I haven’t been to the map exhibition yet at the British Library. But in a recent conversation someone was telling me about the history of ‘upside down’ maps.
It was a delight to discover so many of these on the internet. It had always puzzled me why the map of the world is always printed one way up — with the North at the top and the South at the bottom. And I’d wondered about the psychological and cultural effects this must have on our understanding of the world.
It was hard enough for me to see an old Australian school atlas with Australia in the centre, Asia, Europe and Africa to the left, and the Americas down the right-hand side. Let alone turning the whole thing upside down. But why not?
Most of the images on the net are in copyright, but this one below is Creative Commons:
I remember seeing a TV documentary years ago about an experiment to change one’s ordinary perception. Some team had designed a set of ‘spectacles’ that you wore, a set of small mirrors that turned your visual world upside down, literally 180°. So you looked out and saw the same normal world, but the sky was at the ‘top’ and the ground at the ‘bottom’.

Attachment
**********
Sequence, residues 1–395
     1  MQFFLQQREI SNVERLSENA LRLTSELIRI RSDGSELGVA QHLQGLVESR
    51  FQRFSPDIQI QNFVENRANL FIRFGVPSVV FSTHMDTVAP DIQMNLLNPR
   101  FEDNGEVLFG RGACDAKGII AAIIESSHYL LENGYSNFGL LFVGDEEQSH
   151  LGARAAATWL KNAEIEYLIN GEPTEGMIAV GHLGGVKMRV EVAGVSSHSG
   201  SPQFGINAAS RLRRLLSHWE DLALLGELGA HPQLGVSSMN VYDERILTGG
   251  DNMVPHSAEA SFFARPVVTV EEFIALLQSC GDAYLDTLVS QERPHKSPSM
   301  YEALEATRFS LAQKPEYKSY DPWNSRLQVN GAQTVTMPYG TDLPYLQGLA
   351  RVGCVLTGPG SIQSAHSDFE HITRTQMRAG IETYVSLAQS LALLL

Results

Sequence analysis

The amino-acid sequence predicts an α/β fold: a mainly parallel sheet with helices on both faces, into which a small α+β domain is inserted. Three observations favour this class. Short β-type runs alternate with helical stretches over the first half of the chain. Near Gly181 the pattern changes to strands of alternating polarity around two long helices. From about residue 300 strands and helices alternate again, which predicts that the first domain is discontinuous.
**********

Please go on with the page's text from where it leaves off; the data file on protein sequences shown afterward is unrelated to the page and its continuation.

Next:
The remarkable thing was that after about 48 hours of wearing these mirrors, the volunteers involved in this experiment could function normally. Their brains had readjusted. One of the scenes showed them riding bicycles!
[Ann Karp, the designer of the image above, wrote the following: “This is an image I created for the back of a t-shirt. It was done for Cafe Campesino (www.cafecampesino.com), a wonderful fair trade coffee company. The upside down map is also the Peters version of the map of the world–notice the landmasses, accurate in area compared with your traditional Eurocentric map.”]